During the 2012 Olympics in London, between online streams of Gabby Douglas’ brilliant gymnastics performances, Kayla Harrison winning the US first-ever gold medal in Judo, and Usain Bolt’s blisteringly-fast 100m and 200m wins, web audiences were also wowed by clever marketing campaigns from Nike, Pepsi, Burger King, and Google. Consumers voted the four companies among their top 15 favorite Olympic brands, sharply illustrating the success of traditional event sponsorship.
Or does it?
Besides these four companies not actually being Olympic sponsors, there was one other thing they all had in common:
They all used social media or online video heavily, and often both.
In Nike’s case, more viewers identified them as the primary shoe sponsor than the actual one, Adidas. Their Find Your Greatness campaign cleverly avoided mentioning the games while instilling a sense that it was all about the Olympics. The campaign may even have yielded the best sports ad ever, The Jogger:
Google was used to drive a ton of searches, video views and statistics on YouTube, which caused online viewers to suspect they had something to do with the games. The Google Doodles on their search page, which were mini-games where players could play basketball, hurdles, or whitewater slalom, may also have helped.
Pepsi managed to be associated with the games by not even trying, but instead by running social campaigns focused on their summer music events through their partnership with Twitter. They did get a boost from Olympics fans who sought to defy the Olympic organizing committee’s ban on non-official shoes and shirts. Burger King ran ads in Brazil that were clearly meant to associate with the games, and was called onto the carpet by official sponsor McDonald’s.
Other companies used similar ‘ambush’ campaigns to raise their profile and associate themselves with the games. Headphone maker Dr Dre managed to get Olympic athletes to wear their headphones while appearing on television. UK-based news publisher The Guardian re-created several events in a series of videos called “Brick by Brick”, using Legos, including Usain Bolt’s 100 meter win.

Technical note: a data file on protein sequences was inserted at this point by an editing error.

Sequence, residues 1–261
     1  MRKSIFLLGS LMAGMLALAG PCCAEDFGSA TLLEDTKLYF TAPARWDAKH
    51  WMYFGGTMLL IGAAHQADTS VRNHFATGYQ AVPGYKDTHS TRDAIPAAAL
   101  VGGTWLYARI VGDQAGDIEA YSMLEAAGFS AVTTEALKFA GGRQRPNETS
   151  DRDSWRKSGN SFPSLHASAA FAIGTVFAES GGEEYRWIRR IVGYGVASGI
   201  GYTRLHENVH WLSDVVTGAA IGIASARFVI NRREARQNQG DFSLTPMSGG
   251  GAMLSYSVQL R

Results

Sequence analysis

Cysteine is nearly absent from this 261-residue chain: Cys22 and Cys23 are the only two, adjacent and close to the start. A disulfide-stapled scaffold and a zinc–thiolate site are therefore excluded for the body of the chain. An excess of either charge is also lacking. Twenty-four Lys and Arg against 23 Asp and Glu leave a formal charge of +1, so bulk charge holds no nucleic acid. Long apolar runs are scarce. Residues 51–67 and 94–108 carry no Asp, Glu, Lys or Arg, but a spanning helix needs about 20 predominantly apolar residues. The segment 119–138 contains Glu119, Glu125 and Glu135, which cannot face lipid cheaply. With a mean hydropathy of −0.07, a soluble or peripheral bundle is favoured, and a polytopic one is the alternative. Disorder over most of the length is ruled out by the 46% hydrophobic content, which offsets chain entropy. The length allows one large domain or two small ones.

Beyond the success of online video and social media, all this successful hijacking of Olympic advertising proves something else: the emerging dominance of tablet and mobile channels for imbibing mass media. Google reports that 44% of viewers used a mobile device while watching the games as a primary or second screen.
Of course, the official Olympic sponsors themselves used social media and online video to great effect, in addition to traditional television spots and printed media and swag.
This sort of thing has been done before, notably by T-Mobile’s royal wedding video, even though they were not an official sponsor (wait, does a royal wedding have official sponsors? Monarchic protocol escapes me).
So What Are The Lessons?
- First, though exclusive sponsorships create legal challenges, it’s easy to find ways to circumvent them, given a clever strategy. Nike’s idea to focus on competitions in towns called ‘London’ elsewhere around the world gave them a great ‘out’, and allowed them to appear to be the primary shoe sponsor.
- Second, social media has clearly leveled the playing field, as so many people search for events and news online using social tools like Twitter. Even non-sponsors can use their Facebook pages to creatively get around the sponsorship bans. Some brands, such as Pepsi, were able to ride the Olympic wave by simply timing their social music campaigns along with the games.
- Third, online video is a primary driver of ambush marketing, as proven by Nike, that created ads that would go viral even without the games. But with the backdrop of the Olympics, Nike’s videos were given additional gravitas. It is clear how world events (as long as they are positive – we’ve seen brands get into trouble using a world tragedy to drive a social campaign), can be used as the stage for incredibly powerful and successful campaigns.
- Finally, if you’re an infrastructure or business service provider like Google, you can appear to be part of the event despite having no involvement. One thing about Google is that the company brands everything they do, using the traditional rules that have defined branding for a century. I’m writing this in Google Docs using the Google Chrome browser, and will send it using Gmail, and do you think Google will let me forget it?
There is no question that future events will be memejacked or ambushed by smart brand marketers, and the campaigns will use social media, online video, and a handful of other tactics to associate a company with the event. The possibilities are endless, and we’ll be seeing it with music concerts, sports events, Mars rover landings, royal weddings, and just about anything you can think of. Ready, set, ambush!